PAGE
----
How do Pulleys work?
[S2 Science & beyond: Forces] Pulleys often offer a mechanical advantage. But what does that actually mean? The following video helps to clarify some of your doubts.
If you still remember your formulae (I hope you do! You awesome, clever kiddo who actually bothers reading this blog) you might recall that Work Done = Force Applied x Distance in the direction of the force. (W = F x D)
To summarise, a pulley maintains the total amount of work done (W) by increasing the distance required (D) in order to lower the amount of force required (F). By doing so it would make weak engines with a low amount of force be capable of getting work done via large distances.
Fun factoid: Archimedes of Syracuse once proposed the idea to King Hiero II of Syracuse, Sicily that any weight could be moved, even by a small force. Hiero, impressed by this claim, loaded a Syracusia warship with a full crew and loaded the freight up to near bursting, presenting Archimedes with said weight that he was expected to move. So Archimedes used a complex system of pulleys (to increase the force distribution via multiplicative expansion) and literally moved the entire warship with just his hand alone.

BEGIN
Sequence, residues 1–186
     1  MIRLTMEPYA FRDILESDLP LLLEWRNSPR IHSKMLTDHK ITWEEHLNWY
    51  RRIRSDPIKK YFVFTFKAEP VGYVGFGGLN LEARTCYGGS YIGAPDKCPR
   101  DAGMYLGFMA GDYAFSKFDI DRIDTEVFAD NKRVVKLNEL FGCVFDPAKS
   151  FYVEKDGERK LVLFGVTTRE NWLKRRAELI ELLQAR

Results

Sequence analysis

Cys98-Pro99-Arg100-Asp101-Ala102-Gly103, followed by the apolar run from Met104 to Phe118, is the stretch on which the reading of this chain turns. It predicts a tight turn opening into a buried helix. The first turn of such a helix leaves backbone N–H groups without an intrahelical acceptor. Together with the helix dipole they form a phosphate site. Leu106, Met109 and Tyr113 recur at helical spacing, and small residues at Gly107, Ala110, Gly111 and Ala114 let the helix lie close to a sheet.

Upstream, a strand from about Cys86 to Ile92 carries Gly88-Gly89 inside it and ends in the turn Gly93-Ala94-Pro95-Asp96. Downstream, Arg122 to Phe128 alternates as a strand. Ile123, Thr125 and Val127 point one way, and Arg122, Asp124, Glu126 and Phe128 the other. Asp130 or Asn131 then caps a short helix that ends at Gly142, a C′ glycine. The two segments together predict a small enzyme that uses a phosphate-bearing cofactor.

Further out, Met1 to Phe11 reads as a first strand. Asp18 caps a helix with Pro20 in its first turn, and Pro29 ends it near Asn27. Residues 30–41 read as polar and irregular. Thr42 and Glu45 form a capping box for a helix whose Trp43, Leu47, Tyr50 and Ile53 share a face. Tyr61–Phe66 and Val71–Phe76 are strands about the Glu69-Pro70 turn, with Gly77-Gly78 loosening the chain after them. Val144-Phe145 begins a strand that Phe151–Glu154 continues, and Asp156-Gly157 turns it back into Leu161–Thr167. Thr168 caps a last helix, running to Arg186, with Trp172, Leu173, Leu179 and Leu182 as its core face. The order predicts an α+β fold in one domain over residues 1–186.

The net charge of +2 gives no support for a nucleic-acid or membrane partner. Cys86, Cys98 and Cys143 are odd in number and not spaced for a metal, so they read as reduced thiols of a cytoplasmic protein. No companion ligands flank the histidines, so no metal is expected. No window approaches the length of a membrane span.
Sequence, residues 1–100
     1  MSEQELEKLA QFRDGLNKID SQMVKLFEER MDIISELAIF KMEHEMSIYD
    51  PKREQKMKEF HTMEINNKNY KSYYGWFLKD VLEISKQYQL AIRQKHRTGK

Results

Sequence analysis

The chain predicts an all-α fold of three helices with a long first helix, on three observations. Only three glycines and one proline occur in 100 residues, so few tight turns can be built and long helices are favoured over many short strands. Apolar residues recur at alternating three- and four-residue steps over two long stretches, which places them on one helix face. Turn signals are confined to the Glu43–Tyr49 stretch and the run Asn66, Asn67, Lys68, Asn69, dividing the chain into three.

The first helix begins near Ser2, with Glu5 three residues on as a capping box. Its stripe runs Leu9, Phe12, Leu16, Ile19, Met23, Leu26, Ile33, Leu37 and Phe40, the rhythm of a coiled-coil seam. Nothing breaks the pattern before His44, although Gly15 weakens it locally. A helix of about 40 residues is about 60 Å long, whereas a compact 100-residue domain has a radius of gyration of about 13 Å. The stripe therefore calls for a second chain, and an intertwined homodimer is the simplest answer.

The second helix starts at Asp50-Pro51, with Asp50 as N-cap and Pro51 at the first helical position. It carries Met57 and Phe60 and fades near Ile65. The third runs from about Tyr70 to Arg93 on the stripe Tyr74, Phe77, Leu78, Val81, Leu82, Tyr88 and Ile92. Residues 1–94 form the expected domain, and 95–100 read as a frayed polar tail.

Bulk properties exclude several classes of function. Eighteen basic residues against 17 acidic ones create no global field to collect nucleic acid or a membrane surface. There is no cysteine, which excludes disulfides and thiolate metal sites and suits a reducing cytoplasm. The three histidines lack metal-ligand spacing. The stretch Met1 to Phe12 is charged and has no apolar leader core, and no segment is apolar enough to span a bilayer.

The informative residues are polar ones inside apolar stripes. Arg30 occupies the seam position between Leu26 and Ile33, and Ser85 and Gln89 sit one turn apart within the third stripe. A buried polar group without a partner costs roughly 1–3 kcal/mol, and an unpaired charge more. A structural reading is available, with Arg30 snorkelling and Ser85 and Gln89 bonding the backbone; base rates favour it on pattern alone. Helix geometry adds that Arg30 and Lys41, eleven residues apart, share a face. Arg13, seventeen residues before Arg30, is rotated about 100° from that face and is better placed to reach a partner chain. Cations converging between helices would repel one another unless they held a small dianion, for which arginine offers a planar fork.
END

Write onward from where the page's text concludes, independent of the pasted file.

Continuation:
Yeah, that's how incredible it was. A large ship, probably weighing slightly less than a modern tank, with no access to piston technology, and Archimedes did it easily like some sort of cartoon character. Thanks to that, Hiero decided to endorse Archimedes & give him funding not only to build warships for the Syracusan army, but also to help in his various researches and breakthroughs.
Archimedes did loads of things thereafter - The Floating Body Principle which helped him to figure out that the king's crown was subpar quality, narrowing pi to what we know as 22/7, one of the earliest geometric series, his iconic screw that lifted water efficiently to name a few of the many accomplishments he managed in his life.
The next time you see a pulley, think of how one clever man used them together to make the impossible within reach. Your future is yours to grasp.